I’ll have to say, there’s something I rather like about the particular style that California burgers have. It’s a bit of a particular style: a fairly thin and well-crisped burger patty, served up with generous layers of lettuce, onion, and tomato (I’ve been told that this is a throwback to the days when fresh tomatoes and lettuce weren’t a standard item in grocery stores), usually on a toasted bun. And, somewhat peculiar to the style (see my reviews of
While I occasionally make a few exceptions to this rule, I generally don’t review cocktail bars that are just cocktail bars. And indeed, that’s the case with Drink. Located in Boston’s Fort Point neighborhood, downstairs from Sportello (which I reviewed in 2012, and is owned by the same folks), Drink is primarily a cocktail bar, but they do have a limited bar menu. And while that bar menu has a few gems, that’s not why I’m reviewing them; instead, it’s one particularly off-the-menu item that drew my attention.
When I was in Boston a few weeks ago, I decided it was time to go find a burger spot I had been looking for in Cambridge. But this was not your usual burger spot. I first found this place when looking for a cocktail in Cambridge, having gotten a recommendation for “Brick and Mortar” along with an address of 567 Massachusetts Avenue. Heading there, however, I only found Central Kitchen, a fairly well-recognized dinner establishment, and no cocktails. But…. see that unmarked door next to Central Kitchen? Through that lies Brick and Mortar, one of Cambridge’s Speakeasies, known for interesting cocktails and good bar food. Brick and Mortar is actually a rather cozy little bar (which makes for a pleasant drinking experience during the early evening, but by late evening the place quickly becomes crowded, with a long wait list to get in). The cocktail list at Brick and Mortar is quite impressive, and they are definitely in on the current trend of using bitters, gins, and other botanicals to make some very interesting cocktails. Past victuals that were particularly pleasing include the “Lido Shuffle” with Cocchi, Aperol, Chartreuse, and Lemon, or the “Gail Collins” with Mezcal, Sloe Gin, and Bitters. But on my first two visits, it wasn’t just the (excellent) cocktails drawing my eye… I noticed that several of the other diners had ordered burgers, and the burgers looked quite good indeed. So this trip, while I did get a “Sister Mary” (with Tequila, St Germain, Aperol, and grapefruit) my primary goal was to get a burger.
After the trip to Waimea Valley, we took the western route back to Honolulu, stopping in Wahiawa for burgers at Teddy’s. Normally a place that is advertised as “Teddy’s Bigger Burgers” wouldn’t immediately make my short list: of the many adjectives I look for in a good burger, “bigger” isn’t at the top of the list. But I didn’t let the name stop me: I had heard rather good things about getting a teriyaki burger in Hawaii (it’s one of those standard things you can expect at most places selling burgers in Hawaii), with a liberal application of teriyaki sauce and a slice of grilled pineapple… and that Teddy’s was one of the better places to get one. So we stopped in to give it a try.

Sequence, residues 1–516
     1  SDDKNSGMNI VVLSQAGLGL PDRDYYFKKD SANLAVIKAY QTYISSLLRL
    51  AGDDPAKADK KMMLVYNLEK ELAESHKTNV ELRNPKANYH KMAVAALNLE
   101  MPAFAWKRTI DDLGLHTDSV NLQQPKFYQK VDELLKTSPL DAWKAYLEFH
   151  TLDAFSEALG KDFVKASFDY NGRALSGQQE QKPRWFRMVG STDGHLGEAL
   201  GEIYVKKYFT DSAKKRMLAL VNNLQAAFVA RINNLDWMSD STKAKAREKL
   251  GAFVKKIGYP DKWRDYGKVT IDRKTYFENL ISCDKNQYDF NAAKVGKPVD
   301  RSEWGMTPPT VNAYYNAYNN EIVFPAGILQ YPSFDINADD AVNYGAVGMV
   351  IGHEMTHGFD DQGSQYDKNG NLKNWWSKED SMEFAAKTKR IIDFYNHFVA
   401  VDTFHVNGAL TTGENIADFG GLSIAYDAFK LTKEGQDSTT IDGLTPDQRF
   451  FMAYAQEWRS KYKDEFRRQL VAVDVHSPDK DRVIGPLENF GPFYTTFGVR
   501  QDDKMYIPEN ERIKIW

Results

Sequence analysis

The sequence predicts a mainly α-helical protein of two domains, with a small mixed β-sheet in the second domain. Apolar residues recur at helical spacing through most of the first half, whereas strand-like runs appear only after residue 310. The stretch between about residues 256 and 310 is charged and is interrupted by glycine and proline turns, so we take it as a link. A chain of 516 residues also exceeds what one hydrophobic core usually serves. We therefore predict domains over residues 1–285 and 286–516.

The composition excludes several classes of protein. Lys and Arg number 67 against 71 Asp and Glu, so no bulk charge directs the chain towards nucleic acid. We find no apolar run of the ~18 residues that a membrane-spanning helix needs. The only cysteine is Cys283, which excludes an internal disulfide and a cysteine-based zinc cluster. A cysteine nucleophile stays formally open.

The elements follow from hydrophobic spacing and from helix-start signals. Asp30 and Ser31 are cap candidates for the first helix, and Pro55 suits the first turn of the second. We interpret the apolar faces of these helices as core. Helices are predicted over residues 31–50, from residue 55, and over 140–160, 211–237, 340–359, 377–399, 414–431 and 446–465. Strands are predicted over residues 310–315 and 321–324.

It seems that most of the restaurant openings around here happen when I’m out of town. In this case, while we were in Belgium, Worthy Kitchen, the sister restaurant to Worthy Burger, opened up in Woodstock. While Worthy Burger had some startup issues like most any restaurant, they hid their stride and have been wildly successful (sometimes to the point of being a victim of that success, with my personally experiencing 20 minute lines just to check out, and having them stop taking orders long before closing because the kitchen was backed up. Oh well, there are worse problems a starting business can have). So I wasn’t surprised to hear a few months ago that the Worthy Burger were looking at opening new locations, and then hearing that they had a specific spot picked out in Woodstock. Located on the east side of town, Worthy Kitchen is in a slightly odd spot sharing a building with a physical therapist (who must be thrilled with the arrangement) in a restaurant location I had previously considered cursed since it’s had several failed restaurants in it in my 13 years of living in the area (remember the EastEnder or the Lemongrass Cafe? Apparently nobody did.). But basically, they’ve done up a similar concept: the interior is focused upon the bar, with an impressive list of taps, and then they’ve got a chalkboard menu (like Worthy Burger, some of the items are constant, and others rotate in and out).
When my brother moved to London back in 2008, I thought it was neat that the building he lived in had a pub right downstairs. Problem was, that particular pub, the Pimlico Tram, was actually a lousy pub with a not terribly great clientele. But then something marvelous happened: the Pimlico Tram closed, and instead pub owner Martin Hayes refurbished the place and re-opened it as the Cask Pub and Kitchen. And, practically overnight, the lousy pub downstairs became the hip new pub downstairs, with a particularly good selection of British and imported beers, eight hand-pulled handles, and a reasonably good selection of pub grub. And starting that year, they’ve continued a run of excellence, with several awards including multiple winnings of The Publican Magazine Pub of the Year, Great British Pub Awards’ Best Cask Ale Pub in London, and CAMRA’s West London Pub of the Year. Enough so that I can’t even keep track of it. Meanwhile, they’ve been expanding, including more beers on tap, and, more importantly, sister pubs, with several locations of the Craft Beer Co open throughout Greater London (Craft is basically the same concept as Cask, but without the food). I hadn’t reviewed Cask before, since I generally don’t review pubs unless there’s something particularly notable about them or their food, and, quite frankly, I hadn’t been terribly impressed by Cask’s pub food in the past. However, starting in 2012, Cask significantly re-tooled their menu. On Sunday nights they still do the traditional “Sunday Roast”, but the rest of the week their kitchen transforms into Forty Burgers.